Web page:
LifeCraft Counseling & Coaching of Denver

Posts Tagged ‘counseling’

The hidden cost of change

Anyone who has tried to change something big in life — such as giving up a bad habit, or starting a good one — knows that it isn’t easy. There are a lot of reasons why this is the case, and a quick Google search will probably reveal plenty. But one thing that makes it harder is that we often do not see the whole picture. We do not see all the things that we get out of the status quo — things we would lose if change actually happened.

A while back, I was working with a couple in marriage counseling. The big problem in this couple’s relationship was the male partner’s alcohol addiction. His wife wanted him to quit drinking, and he said he wanted to quit, too. Yet over and over, she discovered that he had been drinking and lying about it. We met a number of times, talking about wounds from his past, poor self-esteem, and so on, but after a while, it became clear that under the surface, probably unconsciously, he did not want to change. Promising to change but not actually doing it was actually working well for him.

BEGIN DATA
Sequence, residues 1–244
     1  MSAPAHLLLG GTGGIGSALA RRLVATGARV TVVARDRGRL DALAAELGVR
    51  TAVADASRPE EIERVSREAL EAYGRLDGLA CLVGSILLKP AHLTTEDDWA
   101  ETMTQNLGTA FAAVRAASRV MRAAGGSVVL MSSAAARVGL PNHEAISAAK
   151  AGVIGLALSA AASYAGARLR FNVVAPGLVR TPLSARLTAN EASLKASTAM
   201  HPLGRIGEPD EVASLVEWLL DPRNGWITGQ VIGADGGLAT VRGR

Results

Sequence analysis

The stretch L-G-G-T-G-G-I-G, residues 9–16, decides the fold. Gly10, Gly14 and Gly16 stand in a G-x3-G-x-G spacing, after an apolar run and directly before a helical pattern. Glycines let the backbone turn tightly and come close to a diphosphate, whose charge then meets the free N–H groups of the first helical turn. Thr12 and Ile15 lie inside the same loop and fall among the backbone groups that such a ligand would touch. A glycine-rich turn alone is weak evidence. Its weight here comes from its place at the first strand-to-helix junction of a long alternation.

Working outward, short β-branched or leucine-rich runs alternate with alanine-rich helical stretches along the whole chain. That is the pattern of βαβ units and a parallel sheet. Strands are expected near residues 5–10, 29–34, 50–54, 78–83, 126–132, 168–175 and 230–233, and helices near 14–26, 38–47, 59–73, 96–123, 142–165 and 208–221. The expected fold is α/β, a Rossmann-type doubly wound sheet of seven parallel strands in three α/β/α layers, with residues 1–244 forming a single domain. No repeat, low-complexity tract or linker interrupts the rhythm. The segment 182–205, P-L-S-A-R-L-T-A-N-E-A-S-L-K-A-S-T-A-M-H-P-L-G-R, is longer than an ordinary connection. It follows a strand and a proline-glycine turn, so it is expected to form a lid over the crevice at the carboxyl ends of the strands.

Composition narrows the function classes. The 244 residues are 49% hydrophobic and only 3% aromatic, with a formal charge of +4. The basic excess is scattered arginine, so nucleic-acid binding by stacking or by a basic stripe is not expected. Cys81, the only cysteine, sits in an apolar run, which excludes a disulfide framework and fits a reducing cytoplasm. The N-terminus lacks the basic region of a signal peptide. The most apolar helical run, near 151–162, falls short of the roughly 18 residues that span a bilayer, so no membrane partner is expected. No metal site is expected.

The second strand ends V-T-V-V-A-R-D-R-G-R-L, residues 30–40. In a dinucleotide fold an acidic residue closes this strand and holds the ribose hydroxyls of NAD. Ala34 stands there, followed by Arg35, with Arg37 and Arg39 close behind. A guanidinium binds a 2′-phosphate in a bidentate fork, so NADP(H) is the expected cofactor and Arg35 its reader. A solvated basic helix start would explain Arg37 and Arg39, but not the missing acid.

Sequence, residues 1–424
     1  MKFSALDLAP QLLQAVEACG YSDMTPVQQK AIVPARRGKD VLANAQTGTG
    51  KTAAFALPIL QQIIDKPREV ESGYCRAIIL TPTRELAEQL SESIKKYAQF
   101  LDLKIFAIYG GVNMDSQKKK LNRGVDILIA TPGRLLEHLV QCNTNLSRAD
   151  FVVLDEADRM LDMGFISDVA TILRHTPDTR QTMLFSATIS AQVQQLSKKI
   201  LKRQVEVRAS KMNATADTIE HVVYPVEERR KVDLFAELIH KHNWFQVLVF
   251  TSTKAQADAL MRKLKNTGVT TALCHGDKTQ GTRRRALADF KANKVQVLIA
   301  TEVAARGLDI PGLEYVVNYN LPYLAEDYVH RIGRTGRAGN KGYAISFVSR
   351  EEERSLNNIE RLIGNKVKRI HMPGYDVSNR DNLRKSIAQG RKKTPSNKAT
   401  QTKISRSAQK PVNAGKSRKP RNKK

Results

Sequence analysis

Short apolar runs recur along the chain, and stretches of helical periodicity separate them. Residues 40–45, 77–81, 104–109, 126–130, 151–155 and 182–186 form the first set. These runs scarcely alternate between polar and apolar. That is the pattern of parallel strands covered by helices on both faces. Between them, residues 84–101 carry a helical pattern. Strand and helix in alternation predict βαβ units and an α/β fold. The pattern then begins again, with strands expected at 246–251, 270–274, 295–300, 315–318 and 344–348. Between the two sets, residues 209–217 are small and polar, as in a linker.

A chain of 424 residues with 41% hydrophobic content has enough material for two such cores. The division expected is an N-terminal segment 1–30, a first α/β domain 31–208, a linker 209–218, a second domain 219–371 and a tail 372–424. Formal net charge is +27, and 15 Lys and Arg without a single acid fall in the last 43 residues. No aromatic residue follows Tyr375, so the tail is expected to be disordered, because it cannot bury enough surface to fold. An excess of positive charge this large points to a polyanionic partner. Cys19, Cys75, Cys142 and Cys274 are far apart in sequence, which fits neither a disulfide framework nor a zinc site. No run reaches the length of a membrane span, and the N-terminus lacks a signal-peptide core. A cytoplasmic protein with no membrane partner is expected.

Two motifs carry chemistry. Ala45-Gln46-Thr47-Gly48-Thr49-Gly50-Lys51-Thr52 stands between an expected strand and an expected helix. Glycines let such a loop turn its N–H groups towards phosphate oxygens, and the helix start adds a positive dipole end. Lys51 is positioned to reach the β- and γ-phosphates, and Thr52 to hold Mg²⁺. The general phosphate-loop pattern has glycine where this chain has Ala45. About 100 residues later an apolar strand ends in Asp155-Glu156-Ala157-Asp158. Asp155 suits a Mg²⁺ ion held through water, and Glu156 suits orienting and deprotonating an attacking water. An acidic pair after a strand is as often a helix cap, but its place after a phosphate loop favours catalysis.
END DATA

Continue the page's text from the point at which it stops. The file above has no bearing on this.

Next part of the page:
The costs of the status quo were obvious — pain, shame, fights, fear of losing the relationship. But the benefits of the status quo — and the costs of change — were not. Every time he wept and apologized, and promised to do better, his wife would flood him with forgiveness, affection, and affirmation. She would tell him how much she believed in him, and how much good she saw in him. Now, obviously there is absolutely nothing wrong with forgiveness, affection, and affirmation. But counter-intuitively, his pattern of alcohol addiction had become a very effective means of getting them. And on top of that, he got to keep drinking.